Truths of the Book of Mormon continue to be accepted as it is promoted worldwide through a variety of ways.
For example, Otta Monsen of Oslo, Norway, once felt the Lord was "too distant" to be involved in her life. But that was before she read the Book of Mormon.The Book of Mormon she received from missionaries of the Norway Oslo Mission was one of more than 12,000 copies they placed in Norway during 1989. Thousands of additional copies have been placed by missionaries and members in other countries in the ongoing effort to take the Book of Mormon to the world.
Otta Monsen was well-versed in the Bible, but she yearned for a closer relationship with the Lord, one she had not found in other religions.
Her study of the Book of Mormon was rewarded with a spiritual conviction. "I understood that which I had not understood previously," she said. "I received a special relationship with my Heavenly Father."
After she was baptized on June 3, 1989, she said, "you don't know how long I have waited to be among the saints."
In the same city, Desmond Teddy was approached by young member-missionaries in January 1989. Even as he received the Book of Mormon, he felt impressed of its truth. He asked the missionaries if reading it would change his life. It could, they said.
A few weeks later, he was converted to the Church and baptized. At his baptismal service in February 1989, he shared a strong testimony of the Church and Book of Mormon. His life had indeed changed, he said.
These two converts in Norway are among thousands who have joined the Church after gaining a conviction of truths of the Book of Mormon.
Mass media have also played an important part in introducing the Book of Mormon to non-members throughout the world. Promotions in the United States and in other countries have ranged from half-hour prime time programs on television to ads in national magazines.
Church leaders say that cable television has now become an important part of reaching out through the media. The Book of Mormon is the subject of a new promotion, which offers the book to viewers on local television stations as well as such cable networks and super stations as WTBS, TNT, CNN, Headline News Network, and others. Straight-forward messages teach about the Book of Mormon, and offer a free copy for non-members. Presented in non-prime time periods, the messages are geared to supplement, not replace, missionary finding efforts.
Two Book of Mormon advertisements are presently used on television in the United States. One portrays a librarian. She says that of all the great books written by great authors, she prefers to read about the Savior. She explains that the Church has, besides the Bible, another testament of Jesus Christ, which is the Book of Mormon. She testifies of its truthfulness and invites people to call for their free copy.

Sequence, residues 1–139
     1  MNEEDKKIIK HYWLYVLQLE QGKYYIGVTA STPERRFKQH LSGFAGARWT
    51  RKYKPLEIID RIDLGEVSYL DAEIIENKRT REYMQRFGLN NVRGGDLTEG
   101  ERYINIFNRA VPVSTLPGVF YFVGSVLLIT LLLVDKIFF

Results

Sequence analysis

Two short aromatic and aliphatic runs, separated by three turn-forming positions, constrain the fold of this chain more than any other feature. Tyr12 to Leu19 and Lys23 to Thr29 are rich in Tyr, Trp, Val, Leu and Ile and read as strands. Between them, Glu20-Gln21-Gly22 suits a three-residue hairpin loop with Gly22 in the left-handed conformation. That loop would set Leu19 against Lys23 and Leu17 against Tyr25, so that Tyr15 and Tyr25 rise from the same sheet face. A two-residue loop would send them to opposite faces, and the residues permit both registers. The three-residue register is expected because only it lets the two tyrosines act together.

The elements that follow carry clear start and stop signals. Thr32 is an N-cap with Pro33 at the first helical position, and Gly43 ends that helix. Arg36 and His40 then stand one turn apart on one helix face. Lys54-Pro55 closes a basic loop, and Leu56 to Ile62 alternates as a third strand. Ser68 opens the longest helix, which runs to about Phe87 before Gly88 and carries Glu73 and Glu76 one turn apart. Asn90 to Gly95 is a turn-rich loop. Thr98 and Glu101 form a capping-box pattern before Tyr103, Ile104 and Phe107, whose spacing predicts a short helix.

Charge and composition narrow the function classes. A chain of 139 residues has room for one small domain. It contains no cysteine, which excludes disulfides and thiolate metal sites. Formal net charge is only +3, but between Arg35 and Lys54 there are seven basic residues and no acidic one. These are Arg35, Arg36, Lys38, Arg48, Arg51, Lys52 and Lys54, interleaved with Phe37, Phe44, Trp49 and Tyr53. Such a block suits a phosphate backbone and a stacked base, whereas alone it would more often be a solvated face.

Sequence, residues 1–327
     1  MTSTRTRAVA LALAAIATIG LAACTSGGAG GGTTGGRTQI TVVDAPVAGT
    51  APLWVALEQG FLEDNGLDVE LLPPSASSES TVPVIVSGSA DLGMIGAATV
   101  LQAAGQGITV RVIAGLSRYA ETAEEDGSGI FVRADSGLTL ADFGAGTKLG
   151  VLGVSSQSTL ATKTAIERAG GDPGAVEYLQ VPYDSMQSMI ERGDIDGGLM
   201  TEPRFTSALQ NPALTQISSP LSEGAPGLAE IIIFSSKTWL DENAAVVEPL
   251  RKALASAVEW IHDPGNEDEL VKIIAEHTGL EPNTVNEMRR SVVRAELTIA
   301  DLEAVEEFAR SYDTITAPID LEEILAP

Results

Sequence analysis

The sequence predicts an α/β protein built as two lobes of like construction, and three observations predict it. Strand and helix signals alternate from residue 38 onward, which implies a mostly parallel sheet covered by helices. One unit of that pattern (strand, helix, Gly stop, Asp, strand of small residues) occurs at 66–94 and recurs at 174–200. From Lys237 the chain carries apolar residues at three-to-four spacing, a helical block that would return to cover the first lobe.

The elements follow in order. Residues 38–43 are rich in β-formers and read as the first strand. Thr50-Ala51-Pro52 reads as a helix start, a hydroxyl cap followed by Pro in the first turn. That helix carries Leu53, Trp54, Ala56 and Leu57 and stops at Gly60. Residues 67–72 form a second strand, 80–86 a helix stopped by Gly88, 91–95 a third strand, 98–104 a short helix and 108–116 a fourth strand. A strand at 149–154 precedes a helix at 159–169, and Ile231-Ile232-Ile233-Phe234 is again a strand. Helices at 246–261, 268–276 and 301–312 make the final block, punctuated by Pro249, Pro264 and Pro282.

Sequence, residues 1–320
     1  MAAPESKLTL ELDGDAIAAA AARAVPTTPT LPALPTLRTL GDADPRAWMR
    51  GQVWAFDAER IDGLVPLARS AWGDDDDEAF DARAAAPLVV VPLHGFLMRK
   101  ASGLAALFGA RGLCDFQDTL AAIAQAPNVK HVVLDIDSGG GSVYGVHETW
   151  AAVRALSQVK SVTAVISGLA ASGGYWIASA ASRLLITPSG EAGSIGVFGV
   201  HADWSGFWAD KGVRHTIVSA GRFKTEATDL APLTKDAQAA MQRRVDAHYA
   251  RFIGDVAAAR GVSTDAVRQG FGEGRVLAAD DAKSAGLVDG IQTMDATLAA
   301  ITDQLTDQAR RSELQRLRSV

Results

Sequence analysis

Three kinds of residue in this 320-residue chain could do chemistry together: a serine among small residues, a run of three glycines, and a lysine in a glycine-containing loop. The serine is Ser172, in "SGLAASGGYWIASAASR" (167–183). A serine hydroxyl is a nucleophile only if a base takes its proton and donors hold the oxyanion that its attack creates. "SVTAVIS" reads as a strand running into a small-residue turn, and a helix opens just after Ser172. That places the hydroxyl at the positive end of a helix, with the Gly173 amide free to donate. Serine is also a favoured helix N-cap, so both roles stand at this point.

The second spot begins by recounting the birth, life, death and resurrection of the Savior. It portrays the hand of the Savior as a baby, and shows the hand maturing. The crucifixion is portrayed as a mature hand penetrated by a nail. The resurrected hand illustrates that the Savior's ministry continues. And accounts of the Savior's ministry do not end with the Bible, but also continue in the Book of Mormon. The book is offered free by calling a toll-free number.
Members are requested not to call for a free book.
Television advertisements are part of a carefully developed effort to balance referrals to the benefit of all the missions, said Missionary Department spokesmen.
The results of the announcements have been impressive, said Missionary Department officials.
According to mission presidents, the referrals do require some sifting, but introduce missionaries to solid investigators.
"Anything that helps us contact someone who had an initial interest in the gospel is very beneficial," said Pres. Pres. Mark L. Angus of the Connecticut Hartford Mission. "Quite a number have been fruitful."
Many of the people who contact the Church after seeing the commercials have had a good experience with members, and think highly of them.
The commercials also influence people who don't respond directly. Joe Fairchild of Layton, Utah, saw the commercials and they made him curious. But it was the influence of his friend Bart Garner that made the difference. Bart and their mutual friends often talked about Church subjects, leaving Joe in the dark. But Bart would later explain things to Joe.
One day, Bart gave Joe a copy of the Book of Mormon. Not necessarily for religious reasons, but for a point of reference so he would know what they were discussing. But Joe was more than intellectually interested in the Church. He read the parts of the book where Bart had marked, and felt the Spirit telling him it was true. He asked Bart to send the missionaries.
Elders Richard Melo from Westchester, N.Y., and Larry Peterson from Portland, Ore., taught him.
He was baptized in January. "I wish I could have gotten into the Church earlier," he said.